The joys of not being a music critic

What are the qualities that are desirable in a music critic (or a movie critic, or video games reviewer, or book reviewer)?

Generally, the very first thing we want is that they review music that we have a chance of listening to. Maybe we’re considering whether to buy some music, and need some help to make a decision. Or we’re looking around to discover new music that we might like. Or we’re already listening to the music and want to reflect on the qualities of that music.

That means that we want music critics who like some of the same music we like. And since music critics usually wish to reach a sizeable audience, that means music critics have to like a lot of different things. Their tastes should be eclectic. Or, if a critic’s tastes are more particular, there needs to be an easy way to match them up with an audience with similar tastes. Music genres usually fulfill this purpose. For instance, if a reviewer only really likes post-rock, they can advertise themselves as a critic of post-rock.

We also have a lot of values related to the biases of a music critic. We want a music critic to be somewhat biased towards the music, but not too biased. For instance, most people don’t like post-rock. But does that mean that the genre should always get negative reviews? If you don’t like post-rock, you don’t really need a reviewer to tell you that, so the review is written more for people who at least have a chance of enjoying it.

On the other hand, when reviewers are too biased towards music, this is also uninformative. There are a lot of amateur reviews I don’t trust because they seem to be written by people who don’t otherwise write reviews, but wrote something for this one album or artist that they really love. If reviews only ever get written by the most passionate fans, then glowing reviews are a given.

Thus, most reviews seem to hover in a compressed range of 6 to 9 out of 10. Everything is above average.

The funny thing is, how much of music out there do you actually listen to? For casual listeners, there’s way too much, even after narrowing it down to one genre. If I were to rate music based on my personal enjoyment, only a small fraction of music would earn high ratings, because “only a small fraction” is already too much to ever get around to listening to.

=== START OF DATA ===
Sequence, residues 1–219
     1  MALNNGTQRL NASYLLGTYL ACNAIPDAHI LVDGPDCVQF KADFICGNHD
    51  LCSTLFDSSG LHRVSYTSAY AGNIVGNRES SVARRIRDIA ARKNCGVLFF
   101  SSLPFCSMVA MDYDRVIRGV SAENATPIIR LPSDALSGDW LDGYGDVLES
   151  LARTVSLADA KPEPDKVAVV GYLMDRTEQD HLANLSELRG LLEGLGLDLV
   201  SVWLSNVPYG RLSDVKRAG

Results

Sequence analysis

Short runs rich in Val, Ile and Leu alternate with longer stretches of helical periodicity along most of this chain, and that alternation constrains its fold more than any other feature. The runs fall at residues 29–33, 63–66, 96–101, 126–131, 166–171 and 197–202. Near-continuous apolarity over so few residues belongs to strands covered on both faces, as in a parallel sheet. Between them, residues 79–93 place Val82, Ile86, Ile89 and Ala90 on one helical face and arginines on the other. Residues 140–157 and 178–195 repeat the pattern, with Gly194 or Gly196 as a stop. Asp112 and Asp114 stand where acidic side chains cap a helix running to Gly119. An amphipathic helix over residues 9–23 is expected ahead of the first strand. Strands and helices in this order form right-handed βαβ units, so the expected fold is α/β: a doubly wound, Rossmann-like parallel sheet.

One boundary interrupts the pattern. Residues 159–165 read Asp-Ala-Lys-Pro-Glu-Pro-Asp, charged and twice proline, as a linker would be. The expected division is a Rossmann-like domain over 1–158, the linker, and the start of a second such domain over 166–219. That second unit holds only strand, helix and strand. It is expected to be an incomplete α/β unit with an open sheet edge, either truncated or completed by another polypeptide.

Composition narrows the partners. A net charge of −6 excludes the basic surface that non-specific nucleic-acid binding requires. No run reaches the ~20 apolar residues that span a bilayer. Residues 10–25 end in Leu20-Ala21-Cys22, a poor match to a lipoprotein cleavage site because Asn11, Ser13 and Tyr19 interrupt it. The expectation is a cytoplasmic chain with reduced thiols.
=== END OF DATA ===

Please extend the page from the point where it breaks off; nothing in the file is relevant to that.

There are many advantages to being a casual listener who isn’t constrained in the same way as a music critic. There isn’t really any reason why my tastes need to be eclectic, nor do they need to stay confined to an easily recognizable genre. I don’t need to be “fair” in my opinions. I don’t need to walk any fine line between being too biased and too unbiased. I also don’t need to recognize any “classics” just because they’re popular or because they have historical significance.

In mathematics, there’s something called the “friendship paradox“, where on average your friends have more friends than you do. Likewise, when you follow someone, be it a music critic, or a critic of any other type of media, on average they have more followers than you do. I think we often use these respected critics as models of good taste. So “good taste” in music means being eclectic, not too biased, and rating nearly everything somewhere between 6 and 9. It’s easy to forget that none of these qualities are actually necessary or desirable in the casual consumer. You can just enjoy what you enjoy without trying to perform for an audience you don’t have.

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